According to Schumpeter, innovation is about entrepreneurship: the implementation of new ideas that change established procedures and alter organizational practices (1934). While the idea of creative destruction is compelling, there are few opportunities to observe the characteristics of change agents in situations where new practices emerge. University technology transfer – the realization of commercial value from university research – presents such an opportunity. While universities are an important source of invention and new knowledge, there is great variation across universities in the commercial realization of academic discoveries (Nelson, 2001). This result is understandable when we consider that university technology transfer has only become a formal activity for most universities in the United States in the last twenty-five years. In this regard, a series of changes marked by the passage of the 1980 Patent and Trademark Law Amendment Act (P1 96–517), commonly known as the Bayh–Dole Act, represent gales of change as universities embrace new objectives that value active technology commercialization over older routines that promoted passive knowledge diffusion. However, the commercial realization of academic discoveries is ultimately dependent on the personal decisions and actions of the faculty, as faculty invention disclosures form the basis for university patents and subsequent licenses. Though the Bayh–Dole Act specifies that faculty members are to disclose their inventions to the university technology-transfer office, enforcement of this requirement has proven difficult. When individual faculty members choose to disclose their discoveries to the university's technology-transfer office, they signal that they are entrepreneurial in adopting the new initiative that aids in the transfer of knowledge out of the university to established companies or to use in the formation of new companies.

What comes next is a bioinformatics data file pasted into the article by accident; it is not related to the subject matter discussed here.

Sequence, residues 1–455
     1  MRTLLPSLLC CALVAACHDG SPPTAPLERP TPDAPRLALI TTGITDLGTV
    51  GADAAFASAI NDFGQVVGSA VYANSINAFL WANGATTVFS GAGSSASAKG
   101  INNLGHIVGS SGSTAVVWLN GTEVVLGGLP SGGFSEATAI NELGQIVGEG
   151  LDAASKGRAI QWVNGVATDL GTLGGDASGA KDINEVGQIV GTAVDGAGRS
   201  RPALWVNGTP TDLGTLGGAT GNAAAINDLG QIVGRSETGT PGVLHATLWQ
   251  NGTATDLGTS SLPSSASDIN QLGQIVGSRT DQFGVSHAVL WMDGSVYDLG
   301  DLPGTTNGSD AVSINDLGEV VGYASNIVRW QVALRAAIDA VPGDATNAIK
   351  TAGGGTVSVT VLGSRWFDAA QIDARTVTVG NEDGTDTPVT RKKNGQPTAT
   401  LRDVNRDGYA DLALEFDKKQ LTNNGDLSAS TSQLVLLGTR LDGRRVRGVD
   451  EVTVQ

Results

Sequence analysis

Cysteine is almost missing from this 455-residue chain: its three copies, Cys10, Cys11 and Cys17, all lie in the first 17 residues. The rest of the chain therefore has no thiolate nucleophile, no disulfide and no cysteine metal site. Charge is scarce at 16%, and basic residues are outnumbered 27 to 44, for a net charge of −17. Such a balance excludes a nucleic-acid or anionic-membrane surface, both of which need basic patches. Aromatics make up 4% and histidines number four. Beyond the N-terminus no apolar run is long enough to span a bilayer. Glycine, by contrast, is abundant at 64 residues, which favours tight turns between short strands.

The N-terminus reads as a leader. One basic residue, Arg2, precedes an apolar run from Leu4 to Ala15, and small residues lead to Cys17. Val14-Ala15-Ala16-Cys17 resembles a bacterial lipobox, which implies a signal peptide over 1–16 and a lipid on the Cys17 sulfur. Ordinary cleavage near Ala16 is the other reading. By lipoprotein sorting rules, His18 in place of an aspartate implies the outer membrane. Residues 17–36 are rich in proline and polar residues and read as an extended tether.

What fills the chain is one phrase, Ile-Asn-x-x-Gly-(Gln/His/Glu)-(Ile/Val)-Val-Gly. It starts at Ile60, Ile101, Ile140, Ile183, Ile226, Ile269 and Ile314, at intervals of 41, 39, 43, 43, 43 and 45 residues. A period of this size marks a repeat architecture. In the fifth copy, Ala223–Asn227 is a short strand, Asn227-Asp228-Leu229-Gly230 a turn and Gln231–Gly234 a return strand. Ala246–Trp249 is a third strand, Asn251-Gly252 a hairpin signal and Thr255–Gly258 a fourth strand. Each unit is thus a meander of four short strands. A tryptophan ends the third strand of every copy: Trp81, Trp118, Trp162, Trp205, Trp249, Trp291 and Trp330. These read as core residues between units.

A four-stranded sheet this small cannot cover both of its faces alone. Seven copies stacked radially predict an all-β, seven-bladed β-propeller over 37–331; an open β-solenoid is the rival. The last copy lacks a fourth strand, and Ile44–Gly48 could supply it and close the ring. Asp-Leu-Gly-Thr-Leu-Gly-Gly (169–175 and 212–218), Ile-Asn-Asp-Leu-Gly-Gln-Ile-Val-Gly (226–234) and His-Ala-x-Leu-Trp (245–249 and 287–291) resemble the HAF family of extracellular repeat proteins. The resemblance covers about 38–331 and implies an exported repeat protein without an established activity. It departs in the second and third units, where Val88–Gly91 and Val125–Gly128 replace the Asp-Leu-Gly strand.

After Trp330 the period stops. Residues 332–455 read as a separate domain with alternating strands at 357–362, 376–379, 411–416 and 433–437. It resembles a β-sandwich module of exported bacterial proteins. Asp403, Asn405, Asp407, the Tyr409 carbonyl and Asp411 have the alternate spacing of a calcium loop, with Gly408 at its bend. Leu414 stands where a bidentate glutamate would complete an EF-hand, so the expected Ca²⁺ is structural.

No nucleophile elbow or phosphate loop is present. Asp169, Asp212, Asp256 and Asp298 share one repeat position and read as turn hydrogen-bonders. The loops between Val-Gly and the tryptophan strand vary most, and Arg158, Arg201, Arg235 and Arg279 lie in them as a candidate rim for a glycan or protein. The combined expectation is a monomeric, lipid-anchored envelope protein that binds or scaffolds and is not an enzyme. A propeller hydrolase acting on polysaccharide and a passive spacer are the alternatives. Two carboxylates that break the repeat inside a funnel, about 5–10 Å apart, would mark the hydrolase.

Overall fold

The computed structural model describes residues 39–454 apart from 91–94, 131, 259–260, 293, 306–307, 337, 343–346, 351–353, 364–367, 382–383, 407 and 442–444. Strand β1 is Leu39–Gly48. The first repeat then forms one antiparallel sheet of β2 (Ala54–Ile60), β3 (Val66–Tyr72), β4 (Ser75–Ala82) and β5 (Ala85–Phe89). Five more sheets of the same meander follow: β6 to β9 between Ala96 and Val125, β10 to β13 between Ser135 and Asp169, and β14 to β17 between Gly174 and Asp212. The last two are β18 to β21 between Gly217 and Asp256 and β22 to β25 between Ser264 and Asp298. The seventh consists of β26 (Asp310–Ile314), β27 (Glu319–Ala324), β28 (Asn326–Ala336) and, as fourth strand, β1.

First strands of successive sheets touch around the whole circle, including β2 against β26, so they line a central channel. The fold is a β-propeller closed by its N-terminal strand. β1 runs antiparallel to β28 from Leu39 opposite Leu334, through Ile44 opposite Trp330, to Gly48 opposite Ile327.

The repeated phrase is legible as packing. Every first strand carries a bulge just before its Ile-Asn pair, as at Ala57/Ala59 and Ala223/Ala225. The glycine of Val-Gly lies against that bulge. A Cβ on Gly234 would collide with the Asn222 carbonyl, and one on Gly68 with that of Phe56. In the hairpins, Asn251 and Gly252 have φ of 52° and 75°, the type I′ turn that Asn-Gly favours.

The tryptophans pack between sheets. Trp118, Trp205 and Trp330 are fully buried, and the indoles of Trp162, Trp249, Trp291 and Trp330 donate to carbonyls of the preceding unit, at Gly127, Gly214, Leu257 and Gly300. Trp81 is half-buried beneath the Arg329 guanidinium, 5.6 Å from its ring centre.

ASJC Scopus subject areas
- Economics, Econometrics and Finance(all)